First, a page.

Californians Speak Out Against Comcast's Takeover Plans

In the words of HBO’s John Oliver, there is no shortage of “cable company f*ckery” to go around.  

Want an example? Look no further than Comcast.

The company claims to support Net Neutrality but its track record suggests otherwise. It’s fought to kill competition by pushing bills that prohibit municipal broadband networks. It says its Internet Essentials program has helped low-income communities get online, but restrictive conditions have limited the number of people who can participate.

The company routinely ranks at the bottom of customer-satisfaction surveys and was twice voted the “Worst Company in America.” And its tendency to insult its own customers has gotten so bad that The Verge created a satirical Comcast customer-name generator.

Those of us who can bear looking at our bills know that this giant company likes to keep our prices high — and it gets away with it since many communities have no alternative providers. Comcast Executive VP David Cohen said the company isn’t “promising that customer bills are going to go down or even increase less rapidly” as a result of its proposed merger with Time Warner Cable.

This takeover would give unprecedented market power to a single anti-consumer and anti-competitive colossus.

States where Time Warner Cable systems would transfer over to Comcast get a chance to weigh in on the merger — and big states like California and New York have a lot of influence.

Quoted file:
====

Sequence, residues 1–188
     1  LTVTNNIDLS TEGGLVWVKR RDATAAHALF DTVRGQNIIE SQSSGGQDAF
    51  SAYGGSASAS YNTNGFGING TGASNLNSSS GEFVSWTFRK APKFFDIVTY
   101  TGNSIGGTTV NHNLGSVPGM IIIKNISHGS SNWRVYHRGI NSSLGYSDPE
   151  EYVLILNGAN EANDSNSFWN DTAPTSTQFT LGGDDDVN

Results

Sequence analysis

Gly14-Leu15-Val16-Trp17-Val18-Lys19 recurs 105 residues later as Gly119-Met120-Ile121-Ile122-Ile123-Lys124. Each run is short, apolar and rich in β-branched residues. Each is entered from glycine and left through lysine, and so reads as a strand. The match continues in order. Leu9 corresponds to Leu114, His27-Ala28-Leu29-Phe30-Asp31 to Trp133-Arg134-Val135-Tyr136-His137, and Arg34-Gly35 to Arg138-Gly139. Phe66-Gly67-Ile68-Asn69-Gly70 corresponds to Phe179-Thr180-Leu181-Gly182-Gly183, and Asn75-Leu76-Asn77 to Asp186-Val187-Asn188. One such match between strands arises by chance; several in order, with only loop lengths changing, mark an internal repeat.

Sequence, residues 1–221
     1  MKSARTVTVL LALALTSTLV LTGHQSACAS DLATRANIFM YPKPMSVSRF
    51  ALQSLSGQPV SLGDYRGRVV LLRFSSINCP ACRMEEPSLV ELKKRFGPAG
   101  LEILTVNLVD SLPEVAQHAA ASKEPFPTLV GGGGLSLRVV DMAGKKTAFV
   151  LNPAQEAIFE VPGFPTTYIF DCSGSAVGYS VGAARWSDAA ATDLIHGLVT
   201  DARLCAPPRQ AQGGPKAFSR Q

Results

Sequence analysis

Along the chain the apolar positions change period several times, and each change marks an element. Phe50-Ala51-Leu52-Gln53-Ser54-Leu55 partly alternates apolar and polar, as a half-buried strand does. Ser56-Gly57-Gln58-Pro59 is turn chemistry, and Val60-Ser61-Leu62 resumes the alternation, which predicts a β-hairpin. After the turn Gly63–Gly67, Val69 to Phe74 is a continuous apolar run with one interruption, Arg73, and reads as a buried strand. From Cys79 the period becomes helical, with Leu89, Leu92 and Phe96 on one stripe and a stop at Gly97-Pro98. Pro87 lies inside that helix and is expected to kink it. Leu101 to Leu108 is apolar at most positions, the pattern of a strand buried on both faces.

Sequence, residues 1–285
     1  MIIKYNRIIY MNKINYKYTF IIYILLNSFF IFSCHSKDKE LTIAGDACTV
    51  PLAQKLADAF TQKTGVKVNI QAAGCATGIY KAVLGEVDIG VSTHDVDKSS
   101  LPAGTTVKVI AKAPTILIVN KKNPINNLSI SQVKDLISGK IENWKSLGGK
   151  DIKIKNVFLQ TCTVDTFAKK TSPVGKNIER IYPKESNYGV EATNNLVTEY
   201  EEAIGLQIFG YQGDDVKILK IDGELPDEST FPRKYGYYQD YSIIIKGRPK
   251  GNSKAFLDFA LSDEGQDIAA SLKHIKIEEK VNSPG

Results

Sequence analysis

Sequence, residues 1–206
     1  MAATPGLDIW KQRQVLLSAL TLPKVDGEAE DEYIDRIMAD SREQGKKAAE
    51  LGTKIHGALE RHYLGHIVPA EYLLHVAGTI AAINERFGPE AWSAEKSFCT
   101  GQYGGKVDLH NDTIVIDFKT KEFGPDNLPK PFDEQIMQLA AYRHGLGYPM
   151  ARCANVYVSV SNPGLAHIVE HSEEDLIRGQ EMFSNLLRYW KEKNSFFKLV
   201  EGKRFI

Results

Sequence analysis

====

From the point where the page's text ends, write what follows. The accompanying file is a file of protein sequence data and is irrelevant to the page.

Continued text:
In February, a California judge recommended approval of the merger so long as Comcast agreed to meet certain conditions. The judge noted that the transaction as it currently stands “would more than double the size of Comcast’s footprint in California, increasing the number of California households served by Comcast from approximately 34 percent to 84 percent.”

The California Public Utilities Commission (CPUC) will soon vote on whether to approve the merger. And now many of the same people who fought for real Net Neutrality are mobilizing against this disastrous deal.

Last Thursday, more than 40 activists showed up at a public CPUC meeting to oppose the merger. Groups like Common Cause, Consumers Union, the Courage Campaign, Daily Kos, Free Press, the Greenlining Institute, the Media Alliance and The Utility Reform Network are urging their California members to speak out — and so far more than 90,000 Californians have voiced their opposition. This kind of activism builds on the recent Net Neutrality victory, which showed that millions of people are willing to mobilize against any effort to mess with the Internet.

The CPUC has indicated that it will approve the deal if Comcast accepts the judge’s recommended conditions. Yet Comcast already has raised objections to these conditions. 

But nothing could mitigate the harms of this transaction. Instead of negotiating with Comcast, the CPUC should reject the merger outright.

Photo courtesy of Christopher Casey